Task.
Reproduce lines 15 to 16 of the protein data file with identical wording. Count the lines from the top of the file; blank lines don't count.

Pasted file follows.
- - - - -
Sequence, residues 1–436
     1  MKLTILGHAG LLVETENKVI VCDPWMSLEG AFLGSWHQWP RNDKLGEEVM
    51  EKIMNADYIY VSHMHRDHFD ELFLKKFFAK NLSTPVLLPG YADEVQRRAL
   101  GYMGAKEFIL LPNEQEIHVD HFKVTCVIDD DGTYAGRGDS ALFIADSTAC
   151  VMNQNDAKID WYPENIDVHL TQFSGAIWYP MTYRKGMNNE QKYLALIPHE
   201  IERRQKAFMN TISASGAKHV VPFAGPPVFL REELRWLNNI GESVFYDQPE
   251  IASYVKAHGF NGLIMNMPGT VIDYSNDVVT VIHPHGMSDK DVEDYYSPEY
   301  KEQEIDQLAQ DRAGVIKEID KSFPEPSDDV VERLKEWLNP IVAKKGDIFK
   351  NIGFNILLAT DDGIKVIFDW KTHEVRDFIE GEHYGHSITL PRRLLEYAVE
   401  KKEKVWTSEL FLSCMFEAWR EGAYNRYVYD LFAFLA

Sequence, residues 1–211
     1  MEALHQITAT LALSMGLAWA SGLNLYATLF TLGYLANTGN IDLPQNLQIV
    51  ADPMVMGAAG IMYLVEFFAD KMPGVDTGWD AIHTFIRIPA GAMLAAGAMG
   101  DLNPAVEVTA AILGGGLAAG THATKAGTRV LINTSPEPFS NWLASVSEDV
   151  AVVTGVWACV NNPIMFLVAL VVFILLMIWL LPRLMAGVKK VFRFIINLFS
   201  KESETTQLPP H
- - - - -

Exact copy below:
   151  AVVTGVWACV NNPIMFLVAL VVFILLMIWL LPRLMAGVKK VFRFIINLFS
   201  KESETTQLPP H